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Recommended Expat Blogs: Melbourne

Recommended Expat Blogs: Melbourne

In our InterNations Recommended Blog section we let you take the spotlight! Expat life in general is, of course, a perfect breeding ground for great, user-generated reads, and life in Melbourne makes no exception. Take your time and browse the great blogs showcased in this article!

Everybody who has spent time in a different country knows that expat life is not quite like anything else in the world. The confusion of the first few days and weeks, the slow, but steady process of acclimation, the little peculiarities and quirks that might strike you about your new surroundings: almost any situation you encounter can make for a great story. If you are so inclined and want to blog about it, of course!

Our InterNations recommended blog section features talented expat bloggers from around the world. Their offerings to the blogosphere have been selected for their great entries and high quality, whether they may be funny, informative, interesting, deeply personal or a combination of all of the above.

Let’s hear from our featured bloggers in Melbourne:

Ryan and Laura: When in OZ

I think we were prepared. There are always things that pop up here and there that even planners like ourselves couldn’t anticipate or cover it all. So at risk of sounding cliché, we wouldn’t change a thing. It’s all part of what has made the experience as wonderful as it is.

Christine: Australian Family Hendricks

For us, Melbourne seems a perfect blend between European culture with their passion for all things beautiful, and the North American ease and accessibility.

Christie: The Plunge Down Under

When we had been living in Melbourne just a few weeks, I went to the post office to send a package back home. I became flustered and could not count out the correct amount of coins needed to pay the clerk. She was impatient with me, and finally asked, “What is wrong with you? Are you a kiwi?” I later realized that being called a kiwi is almost an insult, but my neighbors helped me see the funny side of it, and we shared a good laugh.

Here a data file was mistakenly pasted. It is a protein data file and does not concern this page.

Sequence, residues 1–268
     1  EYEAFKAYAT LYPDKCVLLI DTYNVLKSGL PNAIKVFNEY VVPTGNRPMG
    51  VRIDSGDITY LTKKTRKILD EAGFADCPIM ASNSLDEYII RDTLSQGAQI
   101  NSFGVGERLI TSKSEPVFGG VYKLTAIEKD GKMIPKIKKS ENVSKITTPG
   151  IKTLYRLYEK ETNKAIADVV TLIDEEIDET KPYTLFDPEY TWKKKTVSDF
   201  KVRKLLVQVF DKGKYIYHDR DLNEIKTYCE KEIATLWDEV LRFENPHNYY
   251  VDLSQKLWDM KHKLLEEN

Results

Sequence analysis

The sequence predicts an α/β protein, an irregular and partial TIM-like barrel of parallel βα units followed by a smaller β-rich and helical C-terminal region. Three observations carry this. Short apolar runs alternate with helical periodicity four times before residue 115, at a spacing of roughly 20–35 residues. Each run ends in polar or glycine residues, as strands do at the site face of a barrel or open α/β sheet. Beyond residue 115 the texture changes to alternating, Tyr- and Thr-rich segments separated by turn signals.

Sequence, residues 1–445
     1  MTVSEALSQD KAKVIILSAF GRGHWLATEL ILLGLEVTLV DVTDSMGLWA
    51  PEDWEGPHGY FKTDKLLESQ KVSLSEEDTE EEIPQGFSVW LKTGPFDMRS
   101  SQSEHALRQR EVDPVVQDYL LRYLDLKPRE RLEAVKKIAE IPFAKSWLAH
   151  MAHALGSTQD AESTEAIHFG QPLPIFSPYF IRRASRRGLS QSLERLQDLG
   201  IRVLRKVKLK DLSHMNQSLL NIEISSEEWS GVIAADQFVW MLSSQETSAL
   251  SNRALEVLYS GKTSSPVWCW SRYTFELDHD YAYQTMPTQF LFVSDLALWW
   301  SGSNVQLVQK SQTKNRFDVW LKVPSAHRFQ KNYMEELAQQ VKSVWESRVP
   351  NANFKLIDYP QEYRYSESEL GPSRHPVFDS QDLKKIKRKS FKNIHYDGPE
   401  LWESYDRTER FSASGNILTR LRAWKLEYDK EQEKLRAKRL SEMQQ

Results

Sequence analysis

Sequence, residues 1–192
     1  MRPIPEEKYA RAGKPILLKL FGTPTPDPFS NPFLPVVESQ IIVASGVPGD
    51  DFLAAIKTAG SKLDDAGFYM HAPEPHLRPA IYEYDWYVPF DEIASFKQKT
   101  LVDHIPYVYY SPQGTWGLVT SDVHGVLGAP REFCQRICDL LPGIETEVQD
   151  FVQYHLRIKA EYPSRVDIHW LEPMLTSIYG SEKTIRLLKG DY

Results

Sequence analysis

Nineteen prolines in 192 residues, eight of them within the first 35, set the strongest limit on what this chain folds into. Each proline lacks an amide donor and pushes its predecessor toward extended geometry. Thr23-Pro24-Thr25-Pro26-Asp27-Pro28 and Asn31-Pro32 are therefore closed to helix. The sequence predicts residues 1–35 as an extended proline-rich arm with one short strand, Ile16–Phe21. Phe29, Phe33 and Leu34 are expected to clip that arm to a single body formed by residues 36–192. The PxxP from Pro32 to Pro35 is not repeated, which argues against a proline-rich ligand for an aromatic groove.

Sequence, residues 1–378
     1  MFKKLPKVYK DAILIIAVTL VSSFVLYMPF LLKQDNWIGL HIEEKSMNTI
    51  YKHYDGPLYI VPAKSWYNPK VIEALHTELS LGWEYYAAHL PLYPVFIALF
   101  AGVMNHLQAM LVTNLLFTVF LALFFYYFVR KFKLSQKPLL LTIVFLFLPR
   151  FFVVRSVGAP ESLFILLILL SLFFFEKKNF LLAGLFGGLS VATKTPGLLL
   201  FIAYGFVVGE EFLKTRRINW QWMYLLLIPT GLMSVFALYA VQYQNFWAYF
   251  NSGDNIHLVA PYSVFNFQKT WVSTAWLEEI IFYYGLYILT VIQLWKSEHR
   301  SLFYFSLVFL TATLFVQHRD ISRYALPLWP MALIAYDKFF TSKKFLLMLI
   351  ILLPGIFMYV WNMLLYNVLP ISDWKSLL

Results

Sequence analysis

Tina: Back Pages

I didn’t plan on staying in Melbourne—my original “plan” for Australia was to travel for a while then land somewhere in the outback to do an outdoor job. However, Melbourne is a charming place and once I was there, I didn’t want to leave. If I had known that I would be staying there, I would have done more job research and found a place to live right off the bat.

Cosette: Stumble Down Under

Life in Australia is different in many small ways. My carbon footprint is lighter – we recycle more, we compost, grow some vegetables, and people seem more concerned about water and energy conservation. I shop at markets and buy fresher foods now. But I’d say the biggest culture shock is how much more expensive life is here. And driving on the left side of the road.

Julie: fivedownunder

We came without jobs and found the job market much more difficult than we thought it would be. Melbourne is a town with a heavy emphasis on personal connections. If we could have a “do-over”, we would have worked on building our networks much earlier before we moved.

Jan: The American And The Brit

The bad: I miss my family more than ever. They are so far away. Shopping here isn’t as good as in America and everything is super expensive. But salaries are better here so I guess that makes up for it.

I didn’t really experience culture shock – except I kept looking in the wrong direction for oncoming traffic. I found Australia to be the same as America in a lot of ways.

Kein: writings in keinism

In my first year here, every sight and sound was a new experience in itself. The food was a huge change to the taste buds. The weather was no longer muggy and warm, but instead ranged from scorching to chilly, and everything in between. Most importantly, the people were just so different from what we were used to. Culturally, Singaporeans excel in brevity, which made for a huge contrast in communication.

Mrs. Bingles: Moving Around Mum

It's never easy finding your way in a new place, finding a house, a car, etc... But the most difficult part is finding people you can get along well and call them friends. Getting use to a new time zone and knowing you can't call family and friends whenever you want is really annoying, that's why you put lots of energies in finding new friends for yourself and your kids.

Laura: Laura and Peter Down Under

We didn’t have too much trouble adjusting, partially because Australia is an English-speaking country and shares a lot of cultural similarities with the USA. There was a bit of culture shock, especially learning the different phrases and words Australians use and getting used to the slower-paced nature of life in Melbourne; it can be a bit frustrating at times when you need something done quickly.

 

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